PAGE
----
NEW MANSIONS LOOM OVER TINY KEY BISCAYNE
The lime green house has three bedrooms and one bath, 1,102 square feet in all. Its land-locked lot covers 77 feet by 100 feet. There is no garage.
The concrete-block home looks much like it did when the prolific Mackle brothers built it in 1950, when it would have fetched about $10,000.
The house is ordinary in all respects, except for that basic tenet of real estate: location; location; location. It’s in Key Biscayne. And it sold in March for $1.48 million.
Somebody call the authorities: Key Biscayne is on fire.
The Mackle house at 544 Ridgewood Rd. survived Hurricane Donna in 1960, Betsy in 1965 and Andrew in 1992. But it won’t survive the bulldozer that is almost certainly headed its way amid the latest boom.
“It’s a tear-down,” said John Paul Rosser, the listing agent for the seller. “I’m told the buyers want to build a new house — a spec house.”
Key Biscayne, a perennial retreat for the rich and powerful, wasn’t immune to the devastating housing crash. But like other luxury spots around Miami, it bounced back sooner and stronger than most of the region.
The longtime magnet for Venezuelans, Argentines, Colombians and Europeans is more international than ever. And while it historically welcomed a mix of wealthy and middle-class residents, home prices are effectively banning newcomers of moderate means.
For 2013, the median price for a single-family home in Key Biscayne, which is ZIP 33149, was $2,072,500, approaching its frothy 2008 peak of $2.2 million, according to an analysis by the Miami Herald and the Florida Center for Investigative Reporting. Many properties are going for record highs.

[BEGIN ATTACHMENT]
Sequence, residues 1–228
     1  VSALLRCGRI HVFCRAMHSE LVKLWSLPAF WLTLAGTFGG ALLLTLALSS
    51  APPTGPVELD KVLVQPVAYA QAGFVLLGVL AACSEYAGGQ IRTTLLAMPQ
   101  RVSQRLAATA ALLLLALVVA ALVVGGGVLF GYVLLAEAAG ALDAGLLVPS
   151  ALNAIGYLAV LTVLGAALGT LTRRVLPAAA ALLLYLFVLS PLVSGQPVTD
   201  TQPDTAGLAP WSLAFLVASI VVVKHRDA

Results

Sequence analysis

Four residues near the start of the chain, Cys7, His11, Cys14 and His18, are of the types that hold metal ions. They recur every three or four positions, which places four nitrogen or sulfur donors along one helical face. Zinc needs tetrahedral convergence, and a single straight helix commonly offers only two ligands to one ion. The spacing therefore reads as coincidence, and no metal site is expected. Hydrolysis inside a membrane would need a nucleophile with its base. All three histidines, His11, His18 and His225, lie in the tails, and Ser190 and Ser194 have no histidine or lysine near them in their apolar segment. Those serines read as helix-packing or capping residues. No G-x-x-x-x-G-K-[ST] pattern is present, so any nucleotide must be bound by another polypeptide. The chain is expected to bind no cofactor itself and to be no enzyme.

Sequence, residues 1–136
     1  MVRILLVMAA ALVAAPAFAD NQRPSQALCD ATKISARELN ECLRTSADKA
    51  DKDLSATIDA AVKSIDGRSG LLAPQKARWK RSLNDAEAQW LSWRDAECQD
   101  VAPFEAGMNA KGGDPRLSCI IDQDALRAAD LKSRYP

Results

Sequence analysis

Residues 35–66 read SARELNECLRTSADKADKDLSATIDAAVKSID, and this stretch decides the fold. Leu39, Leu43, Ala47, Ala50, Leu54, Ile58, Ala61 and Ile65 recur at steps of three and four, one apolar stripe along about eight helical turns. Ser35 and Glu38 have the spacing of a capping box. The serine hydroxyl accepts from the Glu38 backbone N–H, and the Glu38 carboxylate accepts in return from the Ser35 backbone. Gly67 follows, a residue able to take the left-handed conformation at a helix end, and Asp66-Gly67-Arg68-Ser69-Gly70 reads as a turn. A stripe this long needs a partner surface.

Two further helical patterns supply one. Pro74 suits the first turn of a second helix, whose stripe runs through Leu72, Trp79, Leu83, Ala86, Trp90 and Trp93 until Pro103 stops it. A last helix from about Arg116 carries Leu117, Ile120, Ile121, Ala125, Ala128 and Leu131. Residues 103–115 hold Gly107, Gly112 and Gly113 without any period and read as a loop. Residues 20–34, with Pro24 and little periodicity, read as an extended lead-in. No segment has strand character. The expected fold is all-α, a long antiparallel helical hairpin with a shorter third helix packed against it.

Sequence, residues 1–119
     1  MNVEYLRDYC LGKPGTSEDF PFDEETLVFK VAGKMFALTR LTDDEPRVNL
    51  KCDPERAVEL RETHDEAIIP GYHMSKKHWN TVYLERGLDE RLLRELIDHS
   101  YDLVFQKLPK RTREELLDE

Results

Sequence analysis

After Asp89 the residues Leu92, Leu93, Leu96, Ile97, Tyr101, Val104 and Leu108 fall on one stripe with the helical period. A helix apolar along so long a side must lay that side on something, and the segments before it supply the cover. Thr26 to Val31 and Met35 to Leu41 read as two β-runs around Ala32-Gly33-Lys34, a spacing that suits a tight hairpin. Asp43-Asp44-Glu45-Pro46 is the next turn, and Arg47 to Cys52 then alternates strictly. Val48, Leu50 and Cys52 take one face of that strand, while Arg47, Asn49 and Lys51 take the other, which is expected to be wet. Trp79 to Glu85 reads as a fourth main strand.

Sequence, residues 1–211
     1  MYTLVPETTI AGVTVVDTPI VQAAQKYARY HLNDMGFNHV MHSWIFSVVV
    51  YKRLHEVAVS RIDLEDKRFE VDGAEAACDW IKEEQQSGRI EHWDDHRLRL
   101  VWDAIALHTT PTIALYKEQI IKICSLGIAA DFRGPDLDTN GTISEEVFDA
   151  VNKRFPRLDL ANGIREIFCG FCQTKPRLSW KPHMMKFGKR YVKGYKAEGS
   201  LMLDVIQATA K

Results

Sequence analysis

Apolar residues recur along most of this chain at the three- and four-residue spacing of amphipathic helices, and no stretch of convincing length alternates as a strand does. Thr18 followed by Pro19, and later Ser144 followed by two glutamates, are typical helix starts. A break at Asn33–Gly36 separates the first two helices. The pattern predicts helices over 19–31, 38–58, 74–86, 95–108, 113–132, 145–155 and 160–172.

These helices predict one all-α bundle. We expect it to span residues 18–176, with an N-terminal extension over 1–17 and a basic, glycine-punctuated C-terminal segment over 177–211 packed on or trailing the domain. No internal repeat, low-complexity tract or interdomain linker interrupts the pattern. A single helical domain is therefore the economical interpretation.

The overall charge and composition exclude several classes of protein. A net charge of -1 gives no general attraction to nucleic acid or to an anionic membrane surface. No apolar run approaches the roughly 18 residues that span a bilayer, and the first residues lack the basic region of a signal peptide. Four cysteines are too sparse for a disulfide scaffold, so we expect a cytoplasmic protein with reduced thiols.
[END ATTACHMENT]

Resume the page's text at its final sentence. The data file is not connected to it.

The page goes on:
“The old knock-down Mackle houses sold for up to $1.4 million during the boom. Then we hit the skids, like everyone, and they were $850,000 or $800,000,” said Joan McCaughan, a longtime Key Biscayne resident and Realtor at Coldwell Banker. “Now you can’t find anything under $1.5 million.”
‘A THROWBACK PLACE’
Nostalgia is pivotal to the allure of Key Biscayne. “This place is a throwback place,” McCaughan said. “You can walk around at 2 or 3 in the morning, and nothing will happen to you.”
McCaughan’s father, Jim McCaughan, was a mortgage broker who helped the Mackles obtain financing to develop Key Biscayne. The boom has been great for her business, but she acknowledges the change sometimes makes her sad.
While many South Florida municipalities have struggled over budgets constrained by weak property tax revenue, Key Biscayne’s taxable property value jumped 6.46 percent last year to $6.15 billion. The bulk of that growth — 5.84 percent — came from the increased value of existing property, before counting new construction. The village had a surplus, enabling it to pare back its tax rate for 2013.
“We’re in a very, very good way with our real estate and how it affects ad valorem taxes,” said John Gilbert, the village manager.
A long-running gentrification of the Key has hit high gear as imposing mansions spring up on most every block, triple or more the size of the modest, older homes they replace on the tiny island.
“This is the most activity I’ve ever seen,” said Jud Kurlancheek, the director of building, planning and zoning, who has been with Key Biscayne 16 years.
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